traditional taper, reduced taper and non-tapered golf gripstraditional taper, reduced taper and non-tapered golf grips

How to fit for grip size

There are primarily two ways that clubmakers fit for grips. One is the use of hand sizing charts or an online grip size calculator, which we will use exclusively when static fitting. The other method is far more accurate and that involves having the customer handle different sized display or demo grip samples that have been mounted onto a cut-off shaft butt (or assembled golf clubs).

Static grip fitting

If you do not have demo grips of various sizing or a shop or you are fitting a player over the phone or internet, there are ways to help determine an appropriate grip size. The most popular are grip sizing charts were you may place your hand over a template or by taking a couple of measurements. This is called static fitting. The recommendations are based on average dimensions accumulated over the years.

In the diagram you will see an image of a hand with a couple of these key dimensions. The first one is labeled A. It is the length of your hand from the crease of the wrist to the top of the longest finger. 

The second is labeled B, which is the length of your longest finger taken from the crease of the longest finger to the tip. Why two measurements? That is a good question. The reason is not all golfers have the same proportionality between the length of their longest finger and their hand. Think of it the same way as height-based charts use wrist to floor measurements as a secondary data point to catch situations when a person’s arms are shorter or longer than normal and would warrant a different length club than what their height would normally suggest as we will see in the Length fitting chapter.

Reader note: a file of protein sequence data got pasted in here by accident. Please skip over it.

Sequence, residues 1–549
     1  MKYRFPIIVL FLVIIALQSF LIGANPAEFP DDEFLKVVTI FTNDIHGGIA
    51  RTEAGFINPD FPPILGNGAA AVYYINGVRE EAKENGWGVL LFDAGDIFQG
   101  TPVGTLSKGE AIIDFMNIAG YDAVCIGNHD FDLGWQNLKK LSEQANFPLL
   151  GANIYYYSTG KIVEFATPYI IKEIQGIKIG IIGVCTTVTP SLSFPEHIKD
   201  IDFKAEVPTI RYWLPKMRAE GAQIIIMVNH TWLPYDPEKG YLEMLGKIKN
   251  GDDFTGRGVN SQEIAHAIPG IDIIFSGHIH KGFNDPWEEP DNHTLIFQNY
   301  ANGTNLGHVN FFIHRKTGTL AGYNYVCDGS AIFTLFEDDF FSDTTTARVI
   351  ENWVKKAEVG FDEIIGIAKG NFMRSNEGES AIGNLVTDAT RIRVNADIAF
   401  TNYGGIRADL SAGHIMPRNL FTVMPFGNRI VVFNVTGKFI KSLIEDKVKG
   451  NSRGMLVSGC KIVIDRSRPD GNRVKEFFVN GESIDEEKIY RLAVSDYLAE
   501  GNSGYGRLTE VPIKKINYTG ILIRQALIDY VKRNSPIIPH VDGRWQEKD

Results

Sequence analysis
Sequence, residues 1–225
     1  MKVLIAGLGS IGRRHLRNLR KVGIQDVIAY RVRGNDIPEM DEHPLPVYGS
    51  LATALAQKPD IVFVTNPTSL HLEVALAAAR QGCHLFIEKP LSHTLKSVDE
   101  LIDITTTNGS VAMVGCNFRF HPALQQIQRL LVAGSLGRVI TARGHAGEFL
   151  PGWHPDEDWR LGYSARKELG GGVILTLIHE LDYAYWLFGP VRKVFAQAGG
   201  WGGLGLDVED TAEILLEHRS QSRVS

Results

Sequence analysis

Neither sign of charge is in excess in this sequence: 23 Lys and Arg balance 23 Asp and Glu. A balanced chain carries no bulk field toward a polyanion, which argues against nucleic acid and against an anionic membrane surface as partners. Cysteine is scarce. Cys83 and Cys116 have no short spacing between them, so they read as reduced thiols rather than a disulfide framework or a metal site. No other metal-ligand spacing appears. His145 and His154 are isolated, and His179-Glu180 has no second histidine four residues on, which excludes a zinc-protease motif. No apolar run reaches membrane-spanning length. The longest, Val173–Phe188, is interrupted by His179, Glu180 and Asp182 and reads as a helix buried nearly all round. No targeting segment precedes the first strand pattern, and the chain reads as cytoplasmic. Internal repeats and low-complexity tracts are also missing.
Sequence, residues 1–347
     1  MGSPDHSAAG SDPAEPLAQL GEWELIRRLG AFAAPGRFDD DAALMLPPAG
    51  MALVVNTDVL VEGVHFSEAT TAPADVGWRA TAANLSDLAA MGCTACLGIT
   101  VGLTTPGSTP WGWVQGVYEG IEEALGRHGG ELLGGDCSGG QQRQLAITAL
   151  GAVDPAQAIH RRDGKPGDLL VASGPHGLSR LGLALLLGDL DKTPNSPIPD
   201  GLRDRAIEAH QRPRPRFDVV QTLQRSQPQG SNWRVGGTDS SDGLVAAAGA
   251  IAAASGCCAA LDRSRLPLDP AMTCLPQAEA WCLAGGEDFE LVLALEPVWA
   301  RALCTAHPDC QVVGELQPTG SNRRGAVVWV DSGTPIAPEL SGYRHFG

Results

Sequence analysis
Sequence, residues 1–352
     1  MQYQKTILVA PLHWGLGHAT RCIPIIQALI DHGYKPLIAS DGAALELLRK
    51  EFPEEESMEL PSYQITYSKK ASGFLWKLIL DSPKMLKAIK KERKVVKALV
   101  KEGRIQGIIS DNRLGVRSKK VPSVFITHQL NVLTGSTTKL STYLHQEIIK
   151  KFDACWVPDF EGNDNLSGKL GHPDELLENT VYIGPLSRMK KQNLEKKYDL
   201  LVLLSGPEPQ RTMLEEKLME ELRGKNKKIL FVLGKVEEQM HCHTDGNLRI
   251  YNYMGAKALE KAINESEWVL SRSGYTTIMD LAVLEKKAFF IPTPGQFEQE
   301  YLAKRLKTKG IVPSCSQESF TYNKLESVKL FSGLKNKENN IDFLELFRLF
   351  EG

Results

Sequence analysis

diagram of a hand with dimensions for hand size and longest finger for golf grip sizingdiagram of a hand with dimensions for hand size and longest finger for golf grip sizing

It also makes sense that the longer the “A” length, the greater the grip size will be required. But some golfers have proportionally longer or shorter finger lengths. When the B length is proportionally longer than the A length, it might indicate that one needs a little larger grip size. But if the B length is proportionally shorter than the A length, then a slightly smaller grip might be in order.

If we look at the chart for a moment, we see 4 different columns. The first is the traditional grip sizing nomenclature that you will see in modern clubmaking and club fitting books. The second column indicated the outside diameter of the grip located 2” down from the grip cap which is the industry standard. Columns 3 and 4 are the A and B dimensions from the diagram I just told you about. OK, I know I have not been super user friendly by providing nice and even numbers like 8” or 7.5”.  But if you use a good ruler, you should be able to measure to the nearest 16th of an inch which the decimal equivalent is 0.06”.


Grip Size 2" from End Cap
A Dimension
B Dimension
Ladies -1/32" 0.819” 6.29" 2.67"
Ladies -1/64" 0.834" 6.56" 2.79"
Ladies Standard 0.850" 6.85" 2.91"
Ladies +1/64" 0.866" 7.14" 3.04"
Men's -1/32" 0.881" 7.41" 3.15"
Ladies +1/32" 0.869" 7.20" 3.06"
Men's -1/64" 0.884" 7.47" 3.17"
Men's Standard 0.900" 7.76" 3.30"